Iron Man 3
Dir. Shane Black
In the first film, the hero is born, and battles an enemy who was essential to his creation. In the second film, the hero looks through a mirror darkly and fights twisted reflections of himself, all while his personal life comes crashing down around him. In the third film, the hero falls, hits rock bottom, and drags himself back up again, defeating his greatest enemy: himself.
Sound familiar? It’s Iron Man 3, but it’s also Spider-Man 3 and The Dark Knight Rises, blockbuster ‘threequels’ who clearly share a dog-eared copy of Joseph Campbell. Here’s the difference, though: Iron Man 3 is good.
Spider-Man 3 was always doomed by studio meddling and leaden, nonsensical dramatic structure, but TDKR and Iron Man 3 are hugely similar – and the latter plays like a direct criticism of the former, a “here’s how it’s done, kid” that slots right into the effervescent swagger of Tony Stark. And Stark is the key: the reason Iron Man 3 works and TDKR doesn’t is that both are films about their leads, and only one of them has an interesting lead. Christian Bale’s Bruce Wayne is not likeable. Full stop. We like Batman but we don’t like Bruce Wayne; hence the superiority of the first Keaton movie, because there was an honest-to-god character there. Iron Man 3‘s answer is simple, and underlies the fundamental difference between two superficially similar genius-billionaire-playboy-superhero franchises: there is no difference between Tony Stark and Iron Man.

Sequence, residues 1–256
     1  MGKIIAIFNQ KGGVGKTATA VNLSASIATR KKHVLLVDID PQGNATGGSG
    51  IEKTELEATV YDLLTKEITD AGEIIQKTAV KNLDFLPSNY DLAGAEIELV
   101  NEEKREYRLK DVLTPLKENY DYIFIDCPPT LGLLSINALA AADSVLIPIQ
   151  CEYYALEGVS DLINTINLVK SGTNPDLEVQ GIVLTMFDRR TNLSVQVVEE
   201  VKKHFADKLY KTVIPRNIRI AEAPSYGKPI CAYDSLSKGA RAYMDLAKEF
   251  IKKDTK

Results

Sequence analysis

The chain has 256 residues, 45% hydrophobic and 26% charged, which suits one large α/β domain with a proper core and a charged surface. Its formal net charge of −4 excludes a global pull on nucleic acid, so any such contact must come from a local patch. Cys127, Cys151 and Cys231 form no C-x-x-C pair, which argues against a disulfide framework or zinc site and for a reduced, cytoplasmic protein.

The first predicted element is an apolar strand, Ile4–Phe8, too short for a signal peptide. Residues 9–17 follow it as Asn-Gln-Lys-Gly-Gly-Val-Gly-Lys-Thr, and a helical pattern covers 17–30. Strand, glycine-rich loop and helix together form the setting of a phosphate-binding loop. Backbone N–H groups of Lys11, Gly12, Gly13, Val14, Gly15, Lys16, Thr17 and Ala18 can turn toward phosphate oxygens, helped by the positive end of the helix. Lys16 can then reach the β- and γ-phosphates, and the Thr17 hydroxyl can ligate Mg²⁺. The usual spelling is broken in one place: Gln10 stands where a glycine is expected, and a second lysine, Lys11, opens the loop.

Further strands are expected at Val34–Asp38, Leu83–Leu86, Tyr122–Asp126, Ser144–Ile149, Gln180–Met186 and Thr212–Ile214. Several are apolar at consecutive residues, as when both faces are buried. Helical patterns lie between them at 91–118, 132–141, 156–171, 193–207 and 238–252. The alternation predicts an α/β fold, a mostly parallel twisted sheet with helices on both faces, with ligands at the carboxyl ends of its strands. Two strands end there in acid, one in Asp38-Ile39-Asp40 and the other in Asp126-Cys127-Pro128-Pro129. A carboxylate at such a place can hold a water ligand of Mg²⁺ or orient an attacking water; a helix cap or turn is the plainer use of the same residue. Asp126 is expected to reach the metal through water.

That’s Iron Man 3‘s big secret. Everything else – Ben Kingsley’s wonderful turn as yellow-peril pastiche the Mandarin (which I won’t further spoil), a kid sidekick who completely works, (mostly) entertaining and economical supporting characters, top-notch ultra-kinetic action, the familiar razor-sharp humour, the manly construction montage – is just window-dressing, because the core of the film is Tony Stark, and they get him right. The anxiety-attack subplot isn’t particularly convincing, true, but here’s what matters: TDKR unintentionally separates Bruce Wayne and Batman, thereby compromising the narrative of ‘fallen hero rebuilds himself from the ground up’, but Iron Man 3‘s whole theme is that Stark and Iron Man are one and the same. We never quite buy that TDKR‘s Batman exists without the suit and the car and all those wonderful toys, while Iron Man 3 shows us exactly why Tony Stark is so special when we see just how much he can do without it. The shots of his face inside the helmet serve as a visceral connector between the two identities where Batman’s mask and ridiculous growl divide them; the Batsuit disguises and alters, but the Iron Man suit merely augments what is already there.
And that’s all it needs. The emotional, character-driven engine of the film is there and purring, and even the film’s obvious flaws (jarring wipe transitions, a secondary female character who seems completely irrelevant, a dodgy understanding of mental health) don’t seem to matter that much. Although Iron Man 2 had similar flaws on the surface, its problems ran much deeper, offering us a self-pitying, reactive hero rather than the more driven, proactive Stark we get in 3. The little features are inconsistent, but it’s far better to have a patchwork body with well-oiled innards than a gleaming shell over an unsound core, perhaps the defining visual theme of the film.
Lastly, it does scale right. It’s not simple empty scale; it’s also the emotional, thematic ante that gets thoroughly upped for the requisite big final battle, and the more I think about it the more I realise how slickly it all fits together as a climax to the Stark arc. Compare the absurd, meaningless, clashing-armies look that The Dark Knight Rises goes for, and you’ll see the difference. Iron Man 3 is a rare beast: a threequel which never loses sight of itself, never forgets what it is and what’s gone before, and never fails at anything big. It doesn’t necessarily succeed everywhere, but it avoids the big pitfalls that plagued other threequels, and that’s all I ask for.